This club has weekly breakfast meetings from 6:45 a.m. to 8 a.m. at the College Station Hilton on Thursdays. More information about this club can be found at http://www.csrotaryclub.org. They can also be found on Facebook at “Rotary Club of College Station.”
Aggieland Rotary Club
The Aggieland Rotary Club is the youngest of the three clubs. It was chartered in 1995 as the “Rotary Club of Brazos Valley” with sponsorship from both clubs in Bryan and College Station. The club changed its name to “The Rotary Club of Aggieland” in 2003. Their club number is No. 31063.
The Aggieland Rotary Club hosts several events, the largest being the yearly Thanksgiving Basket Project. The Saturday before Thanksgiving, club members meet and put together baskets of frozen turkey, stuffing mix, canned vegetables, dinner rolls, and other foodstuffs. They then deliver these baskets to families in need to give them a full, free Thanksgiving meal.
“We will be giving out Thanksgiving Baskets again this year on November 19,” says Aggieland Rotarian Jarrod Hix. “We are always looking for volunteer drivers to deliver baskets. There are people in tremendous need in the community and sometimes something like a basket can really lift their spirits. We pretty much survive off non-Rotarians to help us deliver.”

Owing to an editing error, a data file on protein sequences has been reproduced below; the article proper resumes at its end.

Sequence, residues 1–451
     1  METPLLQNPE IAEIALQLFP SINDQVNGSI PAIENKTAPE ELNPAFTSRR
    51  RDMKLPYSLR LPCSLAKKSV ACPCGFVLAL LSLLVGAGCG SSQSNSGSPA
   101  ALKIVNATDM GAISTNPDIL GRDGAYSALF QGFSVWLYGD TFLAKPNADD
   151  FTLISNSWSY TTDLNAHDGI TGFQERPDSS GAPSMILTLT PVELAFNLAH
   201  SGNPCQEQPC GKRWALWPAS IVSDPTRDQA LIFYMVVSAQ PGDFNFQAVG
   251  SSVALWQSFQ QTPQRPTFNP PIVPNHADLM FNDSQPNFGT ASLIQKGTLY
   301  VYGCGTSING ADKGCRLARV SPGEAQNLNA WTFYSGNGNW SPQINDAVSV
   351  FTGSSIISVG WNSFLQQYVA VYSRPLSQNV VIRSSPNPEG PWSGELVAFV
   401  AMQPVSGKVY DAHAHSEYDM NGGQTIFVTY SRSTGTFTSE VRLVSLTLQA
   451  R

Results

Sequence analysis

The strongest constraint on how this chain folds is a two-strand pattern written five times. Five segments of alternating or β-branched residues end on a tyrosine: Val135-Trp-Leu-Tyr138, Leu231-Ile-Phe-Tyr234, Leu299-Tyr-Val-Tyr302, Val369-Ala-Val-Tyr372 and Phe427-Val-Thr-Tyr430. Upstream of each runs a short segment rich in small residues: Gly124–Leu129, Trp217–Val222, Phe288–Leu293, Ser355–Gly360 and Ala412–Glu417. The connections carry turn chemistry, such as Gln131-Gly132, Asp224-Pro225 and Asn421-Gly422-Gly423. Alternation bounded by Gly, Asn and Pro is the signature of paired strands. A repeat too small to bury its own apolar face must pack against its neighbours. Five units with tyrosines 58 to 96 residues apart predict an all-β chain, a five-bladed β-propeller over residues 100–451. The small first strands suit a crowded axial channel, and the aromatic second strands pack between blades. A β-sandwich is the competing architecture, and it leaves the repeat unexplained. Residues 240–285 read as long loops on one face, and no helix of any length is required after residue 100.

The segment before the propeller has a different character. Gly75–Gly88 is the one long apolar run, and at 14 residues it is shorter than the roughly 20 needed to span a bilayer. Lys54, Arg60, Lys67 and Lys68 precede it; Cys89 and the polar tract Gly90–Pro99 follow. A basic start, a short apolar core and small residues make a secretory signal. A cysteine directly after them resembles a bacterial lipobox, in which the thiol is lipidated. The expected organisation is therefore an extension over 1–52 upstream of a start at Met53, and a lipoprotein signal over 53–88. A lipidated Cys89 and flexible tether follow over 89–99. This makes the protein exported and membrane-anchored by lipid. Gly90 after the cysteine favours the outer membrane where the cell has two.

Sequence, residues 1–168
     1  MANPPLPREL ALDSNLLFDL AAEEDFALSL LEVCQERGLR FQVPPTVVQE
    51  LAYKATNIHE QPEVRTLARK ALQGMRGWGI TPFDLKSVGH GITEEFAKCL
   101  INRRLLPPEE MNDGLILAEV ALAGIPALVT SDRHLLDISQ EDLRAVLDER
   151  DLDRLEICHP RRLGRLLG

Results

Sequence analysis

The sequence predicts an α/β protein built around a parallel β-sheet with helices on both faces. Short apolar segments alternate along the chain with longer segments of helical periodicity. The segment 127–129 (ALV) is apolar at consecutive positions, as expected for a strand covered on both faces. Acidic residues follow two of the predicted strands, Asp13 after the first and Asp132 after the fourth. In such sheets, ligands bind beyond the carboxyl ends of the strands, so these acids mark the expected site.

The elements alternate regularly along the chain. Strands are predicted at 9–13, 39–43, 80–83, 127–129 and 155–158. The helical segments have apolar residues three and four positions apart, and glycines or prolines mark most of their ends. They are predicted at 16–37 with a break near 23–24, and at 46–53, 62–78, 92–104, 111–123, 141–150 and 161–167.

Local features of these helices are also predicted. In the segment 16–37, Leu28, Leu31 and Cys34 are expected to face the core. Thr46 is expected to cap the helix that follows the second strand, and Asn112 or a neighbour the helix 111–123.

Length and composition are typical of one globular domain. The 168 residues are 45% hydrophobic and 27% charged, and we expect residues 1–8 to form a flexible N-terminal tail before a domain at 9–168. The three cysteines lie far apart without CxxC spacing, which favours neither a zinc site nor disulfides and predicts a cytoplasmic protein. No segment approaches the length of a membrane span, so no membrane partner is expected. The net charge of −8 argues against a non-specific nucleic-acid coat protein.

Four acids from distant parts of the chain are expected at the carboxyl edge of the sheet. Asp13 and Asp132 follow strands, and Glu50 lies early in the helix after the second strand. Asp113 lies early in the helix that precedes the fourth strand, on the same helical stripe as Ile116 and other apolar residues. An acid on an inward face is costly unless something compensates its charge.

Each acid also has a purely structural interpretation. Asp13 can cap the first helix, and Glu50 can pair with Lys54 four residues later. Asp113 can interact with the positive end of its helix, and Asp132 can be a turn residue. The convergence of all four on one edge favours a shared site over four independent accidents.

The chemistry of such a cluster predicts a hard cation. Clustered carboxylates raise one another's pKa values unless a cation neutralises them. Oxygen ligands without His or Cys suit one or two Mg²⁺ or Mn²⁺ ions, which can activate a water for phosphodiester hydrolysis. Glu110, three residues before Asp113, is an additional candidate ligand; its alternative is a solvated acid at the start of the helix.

The club also likes to recognize other people’s hard work to provide aid. They do this through the Edgar Morris Spirit Award. This award recognizes non-Rotarians who have made significant humanitarian contributions to the B/CS area. With this award, a gift of $500 is given to the charity of the recipient’s choice.
“Edgar Morris was a longtime Rotarian and very dedicated,” says Hix. “He passed away in 1998. The club had been giving away an award just called ‘the spirit award.’ After he passed we changed the name. Every year we recognize someone who has the Rotarian spirit of giving and service above self.”
Two years ago, thanks to a Rotary International grant, the club was able to build a $20,000 water well for an orphanage in El Salvador run by the Shelter the Homeless International Project. This well gives the orphanage a much-needed source of clean water.
The Aggieland Rotary Club meets on Thursdays at the Traditions Country Club at 11:50 a.m. Their website is http://www.aggielandrotary.org. They can be found on Facebook at “Rotary Club of Aggieland.”
All three Rotary Clubs have come together to work on a shared project. The Rotarians, as well as several other service organizations, have been pooling their resources to build a Fun For All playground in College Station. This playground is for children and adults of all kinds, but is especially designed to be accessible for those with disabilities. According to Brick, construction on this $3 million project will begin this fall.
While Rotary International is a friendly organization, and non-Rotarian volunteers are always welcome, membership is invitation-only. Someone who is already a member in good standing with the club must vouch for you before you can be allowed to join. However, a Prospective Member Form can be submitted to local clubs via the Rotary International website. Visiting Rotarians from other clubs are always welcome to attend meetings and participate in events.
The website for the entire organization can be found at rotary.org. It can also be found on Facebook at “Rotary International.” The website for the district is http://www.rotary5910.org.